The sustainable development portal
|Scheme of sustainable development:
at the confluence of three preoccupations. Clickable.
Sustainable development has been defined as balancing the fulfillment of human needs with the protection of the natural environment so that these needs can be met not only in the present, but in the indefinite future. The term was used by the Brundtland Commission which coined what has become the most often-quoted definition of sustainable development as development that "meets the needs of the present without compromising the ability of future generations to meet their own needs."
The field of sustainable development can be conceptually divided into four general dimensions: social, economic, environmental and institutional. The first three dimensions address key principles of sustainability, while the final dimension addresses key institutional policy and capacity issues.
that is appropriate to the environmental, cultural and economic situation it is intended for. An appropriate technology, in this sense, typically requires fewer resources, which means lower cost and less impact on the environment.
Proponents use the term to describe technologies which they consider to be suitable for use in developing nations or underdeveloped rural areas of industrialized nations, which they feel cannot operate and maintain high technology. Appropriate Technology usually prefers labor-intensive solutions over capital-intensive ones, although labor-saving devices are also used where this does not mean high capital or maintenance cost.
What exactly constitutes appropriate technology in any given case is a matter of debate, but generally the term is used by theorists to question high technology or what they consider to be excessive mechanization, human displacement, resource depletion or increased pollution associated with unchecked industrialisation. The term has often, though not always, been applied to the situations of developing nations or underdeveloped rural areas of industrialized nations.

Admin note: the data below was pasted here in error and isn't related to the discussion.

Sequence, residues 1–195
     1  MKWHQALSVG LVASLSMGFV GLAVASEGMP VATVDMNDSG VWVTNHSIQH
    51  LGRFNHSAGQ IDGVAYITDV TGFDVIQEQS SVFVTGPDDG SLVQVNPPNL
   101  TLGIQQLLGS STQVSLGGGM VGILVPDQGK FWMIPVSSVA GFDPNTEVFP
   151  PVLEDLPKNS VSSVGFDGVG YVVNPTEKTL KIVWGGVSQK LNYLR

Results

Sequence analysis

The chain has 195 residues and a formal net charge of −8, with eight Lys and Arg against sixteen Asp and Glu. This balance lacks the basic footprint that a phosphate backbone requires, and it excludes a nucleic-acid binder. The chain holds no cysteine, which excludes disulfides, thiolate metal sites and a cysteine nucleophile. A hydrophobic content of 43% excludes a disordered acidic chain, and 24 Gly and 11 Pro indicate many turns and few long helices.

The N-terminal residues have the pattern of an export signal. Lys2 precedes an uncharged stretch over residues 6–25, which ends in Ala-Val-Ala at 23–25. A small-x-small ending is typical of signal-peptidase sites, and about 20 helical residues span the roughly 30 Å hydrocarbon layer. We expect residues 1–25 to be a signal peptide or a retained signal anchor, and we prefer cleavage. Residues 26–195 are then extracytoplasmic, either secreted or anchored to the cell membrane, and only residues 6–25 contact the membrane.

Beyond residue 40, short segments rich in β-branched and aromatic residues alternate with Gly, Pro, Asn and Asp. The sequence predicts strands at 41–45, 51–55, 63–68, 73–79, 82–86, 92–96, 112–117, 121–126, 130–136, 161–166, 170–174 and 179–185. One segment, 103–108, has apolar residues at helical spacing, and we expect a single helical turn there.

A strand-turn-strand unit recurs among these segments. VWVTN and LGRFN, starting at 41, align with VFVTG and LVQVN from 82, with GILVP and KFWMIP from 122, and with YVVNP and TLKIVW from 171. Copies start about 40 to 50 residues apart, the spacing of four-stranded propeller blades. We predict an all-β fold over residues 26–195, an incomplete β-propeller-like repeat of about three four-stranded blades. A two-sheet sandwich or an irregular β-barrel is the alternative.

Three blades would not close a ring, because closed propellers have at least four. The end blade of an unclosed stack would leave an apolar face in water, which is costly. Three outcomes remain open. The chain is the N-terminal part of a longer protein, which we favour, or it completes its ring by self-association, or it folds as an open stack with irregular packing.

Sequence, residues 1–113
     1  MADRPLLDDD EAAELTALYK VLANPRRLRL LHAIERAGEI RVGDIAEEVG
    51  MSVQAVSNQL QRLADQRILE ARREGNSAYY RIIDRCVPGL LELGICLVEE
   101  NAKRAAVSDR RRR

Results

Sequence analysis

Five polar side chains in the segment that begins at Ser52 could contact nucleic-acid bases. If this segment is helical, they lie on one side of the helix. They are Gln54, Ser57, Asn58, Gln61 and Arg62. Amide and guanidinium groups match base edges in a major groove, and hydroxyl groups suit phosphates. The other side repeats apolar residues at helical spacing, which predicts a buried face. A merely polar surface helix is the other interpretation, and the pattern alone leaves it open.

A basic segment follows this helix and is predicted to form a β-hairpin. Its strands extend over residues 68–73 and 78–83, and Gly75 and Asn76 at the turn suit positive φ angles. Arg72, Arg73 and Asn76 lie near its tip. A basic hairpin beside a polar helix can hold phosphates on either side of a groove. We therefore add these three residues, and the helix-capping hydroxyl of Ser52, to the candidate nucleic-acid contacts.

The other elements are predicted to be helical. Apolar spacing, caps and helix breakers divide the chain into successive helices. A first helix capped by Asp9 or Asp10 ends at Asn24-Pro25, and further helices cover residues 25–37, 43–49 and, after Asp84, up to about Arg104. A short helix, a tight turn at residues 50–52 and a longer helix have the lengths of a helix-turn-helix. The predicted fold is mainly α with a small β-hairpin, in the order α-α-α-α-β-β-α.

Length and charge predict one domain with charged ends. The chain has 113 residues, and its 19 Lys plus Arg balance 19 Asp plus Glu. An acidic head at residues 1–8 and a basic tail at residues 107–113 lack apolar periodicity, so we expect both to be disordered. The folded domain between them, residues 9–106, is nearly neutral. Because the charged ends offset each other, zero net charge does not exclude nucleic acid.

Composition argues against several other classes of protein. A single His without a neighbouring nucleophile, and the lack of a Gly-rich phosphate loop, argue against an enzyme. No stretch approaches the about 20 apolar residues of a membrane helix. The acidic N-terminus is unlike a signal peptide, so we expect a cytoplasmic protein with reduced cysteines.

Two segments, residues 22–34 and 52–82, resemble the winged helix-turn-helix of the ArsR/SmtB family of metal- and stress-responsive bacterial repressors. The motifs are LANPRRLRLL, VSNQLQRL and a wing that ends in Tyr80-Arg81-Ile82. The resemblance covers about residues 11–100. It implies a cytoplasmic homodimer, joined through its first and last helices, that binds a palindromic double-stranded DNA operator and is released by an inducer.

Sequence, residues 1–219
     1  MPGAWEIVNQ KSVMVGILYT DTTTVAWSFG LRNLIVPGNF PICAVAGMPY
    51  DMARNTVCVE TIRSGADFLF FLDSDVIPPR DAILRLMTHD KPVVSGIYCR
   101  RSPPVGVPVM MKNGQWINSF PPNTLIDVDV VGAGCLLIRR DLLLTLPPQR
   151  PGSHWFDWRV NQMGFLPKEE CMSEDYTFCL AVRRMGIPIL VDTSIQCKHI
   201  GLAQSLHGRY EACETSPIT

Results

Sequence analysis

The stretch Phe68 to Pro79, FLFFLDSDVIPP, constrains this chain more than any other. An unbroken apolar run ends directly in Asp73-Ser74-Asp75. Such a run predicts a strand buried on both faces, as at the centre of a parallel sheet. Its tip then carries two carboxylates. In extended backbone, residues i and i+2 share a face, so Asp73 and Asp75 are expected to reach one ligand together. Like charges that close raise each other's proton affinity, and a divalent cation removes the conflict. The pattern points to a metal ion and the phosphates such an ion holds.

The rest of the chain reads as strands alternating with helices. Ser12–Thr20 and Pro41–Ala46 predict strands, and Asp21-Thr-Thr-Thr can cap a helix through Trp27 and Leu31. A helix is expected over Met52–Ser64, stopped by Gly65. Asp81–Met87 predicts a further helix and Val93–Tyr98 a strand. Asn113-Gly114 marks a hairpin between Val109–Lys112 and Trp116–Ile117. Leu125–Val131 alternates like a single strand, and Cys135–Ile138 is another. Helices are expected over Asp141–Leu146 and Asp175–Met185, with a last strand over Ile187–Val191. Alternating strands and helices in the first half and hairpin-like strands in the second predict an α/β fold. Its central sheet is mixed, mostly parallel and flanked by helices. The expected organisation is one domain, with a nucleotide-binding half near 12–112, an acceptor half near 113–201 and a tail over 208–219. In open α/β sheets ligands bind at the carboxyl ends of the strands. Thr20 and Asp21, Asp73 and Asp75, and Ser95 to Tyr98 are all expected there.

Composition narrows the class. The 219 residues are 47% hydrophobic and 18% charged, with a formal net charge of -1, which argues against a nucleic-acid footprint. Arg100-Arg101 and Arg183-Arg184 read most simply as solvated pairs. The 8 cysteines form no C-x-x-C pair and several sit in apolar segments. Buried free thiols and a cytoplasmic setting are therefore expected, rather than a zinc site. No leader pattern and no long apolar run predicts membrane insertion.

The United Nations Commission on Sustainable Development
(CSD) was established in December 1992 by General Assembly
as a functional commission of the UN Economic and Social Council
, implementing a recommendation in Chapter 38
of Agenda 21
, the landmark global agreement reached at the June 1992 United Nations Conference on Environment & Development
/ Earth Summit
held in Rio de Janeiro
CSD 1, the Organizational Session of the CSD was held in June 1993. The Organizational Session focused on a broad range of organizational and administrative issues, reflected in topics of the Commission's documents: budget implications of draft decisions; establishing a provisional agenda & a multi-year programme of work; national reporting on implementation of Agenda 21; information exchange - UN system & donors; UNCED follow up - international organizations & UN coordination; coordination of development data; progress in environmentally sound technology transfer; initial financial commitments & flows; government information on financial commitments; urgent & major emergent issues; UNCTAD & Agenda 21 implementation; UNEP & Agenda 21 implementation; issues relating to future work of CSD; guidelines for national reporting; multi-year programme of work; financial commitments & financial flows; and integrating sustainable development in the UN System.
James E. Hansen
(born March 29, 1941, in Denison
) heads the NASA
Institute for Space Studies in New York City
, a division of Goddard Space Flight Center in Greenbelt, MD
, Earth Sciences Directorate. Dr. Hansen is an adjunct professor in the Earth and Environmental Sciences department at Columbia University
. He is best known for his testimony on climate change to congressional committees in the 1980s that helped raise broad awareness of the global warming issue. He was a vocal critic of the George W. Bush administration's stance on climate change.
Hansen has focused on planetary research that involves trying to understand the climate change on earth that will result from anthropogenic changes of the atmospheric composition. One of his research interests is radiative transfer in planetary atmospheres, especially interpreting remote sounding of the earth's atmosphere and surface from satellites. Such data, appropriately analyzed, may provide one of the most effective ways to monitor and study global change on the earth. Dr. Hansen also is interested in the development and application of global numerical models for the purpose of understanding current climate trends and projecting humans' potential impacts on climate.
- ...that global warming (pictured) of the average air temperature rose 0.74 ± 0.18 °C (1.3 ± 0.32 °F) during the past century?
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